Information surrounding Kinder Morgan’s expansion project can be difficult to understand, let alone research for the public due to the extensive amount of data available on the ever-expanding pipeline from official sources such as the National Energy Board.
A couple of environmentalist and law student activists have created an easy-to-navigate web site shedding some light on the extent of the issue, the process, and the participants involved.
“I hope this stirs conversation amongst the public. The public over here is already talking about this all the time, and pipeline projects are very top of mind [and] in the news a lot,” says Erin Gray, a recent University of Victoria law graduate currently articling with the university’s Environmental Law Centre.
The web site organizes the issues around the expansion into eight major areas: oil spills, hazards and dangers, human health, environmental impacts, indigenous evidence, economy, earthquake risks, and wildlife.
Once a category is selected, evidence shows up from various intervenors on the specific topic. Groups can submit evidence as well as read evidence already presented.
“I hope this helps people talk about it, in a less ideological and more evidence based way, and then hopefully this allows people to understand the review process better,” explains Gray.
The National Energy Board review can be a long and confusing process.
Often, news updates will give bits and pieces of information of various decision deadlines, she says, “and I don’t know that people necessarily know on what basis they are making these decisions. Hopefully, the web site clears some of that up . . . that’s what I would see as success for this project.”
So far, the site has “had 5,753 views total, and it has been shared on Facebook 901 times, so that has definitely exceeded my expectation,” says Gray.
“The responses have been uniformly positive,” says Adam Cembrowski, the web site co-creator and 2L student at the University of Alberta. “People have been excited to see this evidence.”
People are very curious to find out about all sorts of evidence such as how the project may affect whales or what has been written about fish, says Cembrowski.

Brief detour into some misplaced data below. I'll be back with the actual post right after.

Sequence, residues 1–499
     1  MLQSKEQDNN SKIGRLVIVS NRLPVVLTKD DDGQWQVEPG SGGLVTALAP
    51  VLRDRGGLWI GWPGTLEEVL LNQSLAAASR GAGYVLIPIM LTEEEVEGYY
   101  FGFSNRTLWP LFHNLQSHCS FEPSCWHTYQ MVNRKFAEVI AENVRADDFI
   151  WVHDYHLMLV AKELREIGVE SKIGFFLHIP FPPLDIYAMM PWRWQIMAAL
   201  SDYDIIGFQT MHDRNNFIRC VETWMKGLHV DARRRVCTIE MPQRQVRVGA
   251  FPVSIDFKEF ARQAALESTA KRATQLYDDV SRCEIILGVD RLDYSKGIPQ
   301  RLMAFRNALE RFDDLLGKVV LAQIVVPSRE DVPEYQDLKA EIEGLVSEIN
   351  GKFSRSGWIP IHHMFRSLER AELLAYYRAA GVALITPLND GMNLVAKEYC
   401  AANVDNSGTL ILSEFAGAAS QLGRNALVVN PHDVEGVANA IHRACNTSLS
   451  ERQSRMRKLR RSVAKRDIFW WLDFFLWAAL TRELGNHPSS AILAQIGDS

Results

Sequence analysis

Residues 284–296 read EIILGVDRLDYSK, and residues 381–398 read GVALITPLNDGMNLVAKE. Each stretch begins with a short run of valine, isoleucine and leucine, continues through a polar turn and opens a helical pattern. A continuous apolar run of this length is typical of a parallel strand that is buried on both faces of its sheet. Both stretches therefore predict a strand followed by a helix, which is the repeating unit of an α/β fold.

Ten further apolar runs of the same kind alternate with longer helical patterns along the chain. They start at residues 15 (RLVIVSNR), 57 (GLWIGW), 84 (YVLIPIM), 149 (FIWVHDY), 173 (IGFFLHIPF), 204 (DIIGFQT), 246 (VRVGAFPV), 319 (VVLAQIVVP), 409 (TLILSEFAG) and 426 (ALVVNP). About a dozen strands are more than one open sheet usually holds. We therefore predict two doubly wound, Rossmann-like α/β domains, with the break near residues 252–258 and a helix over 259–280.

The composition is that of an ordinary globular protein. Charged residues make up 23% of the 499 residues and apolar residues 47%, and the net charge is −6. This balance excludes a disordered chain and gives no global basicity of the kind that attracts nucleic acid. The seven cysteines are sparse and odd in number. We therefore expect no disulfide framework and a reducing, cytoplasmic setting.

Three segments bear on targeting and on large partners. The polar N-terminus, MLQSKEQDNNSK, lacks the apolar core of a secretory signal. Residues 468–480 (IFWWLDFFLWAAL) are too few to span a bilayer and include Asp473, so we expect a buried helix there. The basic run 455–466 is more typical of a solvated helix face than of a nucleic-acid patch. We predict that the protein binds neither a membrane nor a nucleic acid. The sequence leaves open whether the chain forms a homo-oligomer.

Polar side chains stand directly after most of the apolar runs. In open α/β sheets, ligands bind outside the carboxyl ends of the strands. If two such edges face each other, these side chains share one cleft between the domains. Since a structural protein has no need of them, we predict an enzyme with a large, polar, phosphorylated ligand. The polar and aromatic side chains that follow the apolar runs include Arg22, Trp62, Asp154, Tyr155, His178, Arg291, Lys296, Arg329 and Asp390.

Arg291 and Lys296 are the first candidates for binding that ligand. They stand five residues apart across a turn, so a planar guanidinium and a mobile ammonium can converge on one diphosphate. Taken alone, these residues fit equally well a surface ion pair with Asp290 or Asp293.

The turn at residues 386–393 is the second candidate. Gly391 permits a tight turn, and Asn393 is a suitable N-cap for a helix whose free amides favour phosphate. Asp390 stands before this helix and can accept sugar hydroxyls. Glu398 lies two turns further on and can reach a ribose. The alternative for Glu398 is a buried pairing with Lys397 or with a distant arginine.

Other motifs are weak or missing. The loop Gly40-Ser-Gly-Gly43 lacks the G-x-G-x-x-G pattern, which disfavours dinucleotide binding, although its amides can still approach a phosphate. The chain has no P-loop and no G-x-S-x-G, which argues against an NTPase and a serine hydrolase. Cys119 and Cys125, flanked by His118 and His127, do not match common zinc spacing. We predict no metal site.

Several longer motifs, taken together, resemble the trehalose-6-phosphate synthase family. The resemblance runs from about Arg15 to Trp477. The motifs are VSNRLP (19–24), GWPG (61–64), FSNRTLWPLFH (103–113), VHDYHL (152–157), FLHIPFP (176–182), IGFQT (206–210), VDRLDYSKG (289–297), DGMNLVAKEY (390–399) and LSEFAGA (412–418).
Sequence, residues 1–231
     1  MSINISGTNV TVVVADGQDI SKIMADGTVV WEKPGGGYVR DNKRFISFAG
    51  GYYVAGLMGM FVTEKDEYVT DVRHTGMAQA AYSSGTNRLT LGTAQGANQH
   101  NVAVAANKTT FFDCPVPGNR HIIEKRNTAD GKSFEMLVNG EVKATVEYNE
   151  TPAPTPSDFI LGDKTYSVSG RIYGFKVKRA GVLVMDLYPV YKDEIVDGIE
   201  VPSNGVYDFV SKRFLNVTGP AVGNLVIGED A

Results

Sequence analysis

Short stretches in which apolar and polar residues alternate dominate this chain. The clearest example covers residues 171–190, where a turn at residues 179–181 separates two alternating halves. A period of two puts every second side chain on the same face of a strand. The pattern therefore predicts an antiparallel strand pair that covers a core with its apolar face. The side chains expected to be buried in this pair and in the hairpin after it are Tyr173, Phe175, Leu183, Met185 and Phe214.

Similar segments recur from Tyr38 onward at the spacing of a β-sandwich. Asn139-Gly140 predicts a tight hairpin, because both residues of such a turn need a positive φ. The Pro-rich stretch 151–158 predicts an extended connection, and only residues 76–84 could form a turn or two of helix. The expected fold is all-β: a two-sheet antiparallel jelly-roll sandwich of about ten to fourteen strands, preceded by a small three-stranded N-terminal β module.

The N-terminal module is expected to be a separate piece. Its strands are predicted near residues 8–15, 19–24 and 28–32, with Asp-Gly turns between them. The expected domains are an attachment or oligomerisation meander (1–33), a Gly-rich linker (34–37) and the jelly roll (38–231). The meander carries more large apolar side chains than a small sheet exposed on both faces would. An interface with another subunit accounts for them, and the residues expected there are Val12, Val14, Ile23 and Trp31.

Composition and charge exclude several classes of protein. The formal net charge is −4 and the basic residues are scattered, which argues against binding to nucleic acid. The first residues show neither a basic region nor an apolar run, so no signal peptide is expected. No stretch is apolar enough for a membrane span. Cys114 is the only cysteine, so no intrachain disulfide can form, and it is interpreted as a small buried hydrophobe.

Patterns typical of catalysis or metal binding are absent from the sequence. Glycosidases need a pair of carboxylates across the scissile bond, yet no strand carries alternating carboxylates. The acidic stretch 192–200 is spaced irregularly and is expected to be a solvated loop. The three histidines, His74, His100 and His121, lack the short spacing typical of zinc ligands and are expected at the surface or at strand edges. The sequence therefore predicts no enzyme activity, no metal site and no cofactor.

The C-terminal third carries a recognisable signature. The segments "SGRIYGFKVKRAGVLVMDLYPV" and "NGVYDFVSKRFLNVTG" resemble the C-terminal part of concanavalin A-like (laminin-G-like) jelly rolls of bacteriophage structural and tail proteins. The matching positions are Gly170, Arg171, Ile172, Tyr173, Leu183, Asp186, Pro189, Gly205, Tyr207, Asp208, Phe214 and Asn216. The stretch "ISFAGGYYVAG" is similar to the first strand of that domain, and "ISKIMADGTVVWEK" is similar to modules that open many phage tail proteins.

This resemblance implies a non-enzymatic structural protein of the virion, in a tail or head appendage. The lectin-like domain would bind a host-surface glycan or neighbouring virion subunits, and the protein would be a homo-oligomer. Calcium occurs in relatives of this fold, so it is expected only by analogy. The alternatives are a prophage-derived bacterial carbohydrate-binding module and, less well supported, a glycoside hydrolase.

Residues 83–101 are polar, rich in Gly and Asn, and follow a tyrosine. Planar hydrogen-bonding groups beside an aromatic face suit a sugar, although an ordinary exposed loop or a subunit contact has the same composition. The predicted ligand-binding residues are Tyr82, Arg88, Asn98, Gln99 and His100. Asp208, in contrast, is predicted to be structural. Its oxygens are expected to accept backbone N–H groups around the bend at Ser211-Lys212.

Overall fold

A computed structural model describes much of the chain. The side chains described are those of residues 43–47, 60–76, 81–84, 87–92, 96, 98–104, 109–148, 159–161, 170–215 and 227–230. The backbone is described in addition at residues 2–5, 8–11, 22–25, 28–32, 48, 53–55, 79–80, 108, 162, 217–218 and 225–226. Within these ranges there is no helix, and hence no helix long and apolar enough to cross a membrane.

“We’ve had some wonderful days. We’re probably averaging 50-plus viewers a day, a couple thousand page views,” he notes.
While there is a small team of law students working with Gray and Cembrowski, the project is definitely their baby. It came into existence within a month of conception.
“It’s all us, because it’s WordPress, we’ve paid everything out of pocket,” says Cembrowski.
Coming from a science background, Cembrowski, who already has a master’s degree in evolutionary biology, says in his experience, a lot of research and journals having to do with environmental issues never get released into the public domain and, even if they do, “most people weren’t aware of what’s going on.
“I have been very excited and very passionate about making sure . . . when people put a lot of time and effort into some kind of research or some kind of project that could have a large impact on people’s lives, they have access to it.”
He built the web site, while Gray, who became interested in environmental issues gradually, co-ordinated the project.
Enivironmentalists say the Kinder Morgan trans-mountain expansion pipeline project will affect various elements of the environment in a number of ways, including possible oil spills, indigenous disruptions, earthquake risks, and human health deterioration among others.
Job growth opportunities and communities being built with the added resources may go hand in hand with environmental deterioration affecting many forms of wildlife, they say.
The law students want to make sure that the review process of the project is transparent, easy to comprehend, and available for informed public discussion.
“Sparking discussion, giving people evidence that they can go through and they can look through themselves and figure out how they feel about something rather than just a gut reaction [is key],” says Cembrowski.
“We’ve had quite a few people that have submitted evidence,” he adds. “We’ve had some cities, we’ve had interest groups; we’ve had a couple indigenous groups that have done stuff or that have OK’d us to summarize evidence.”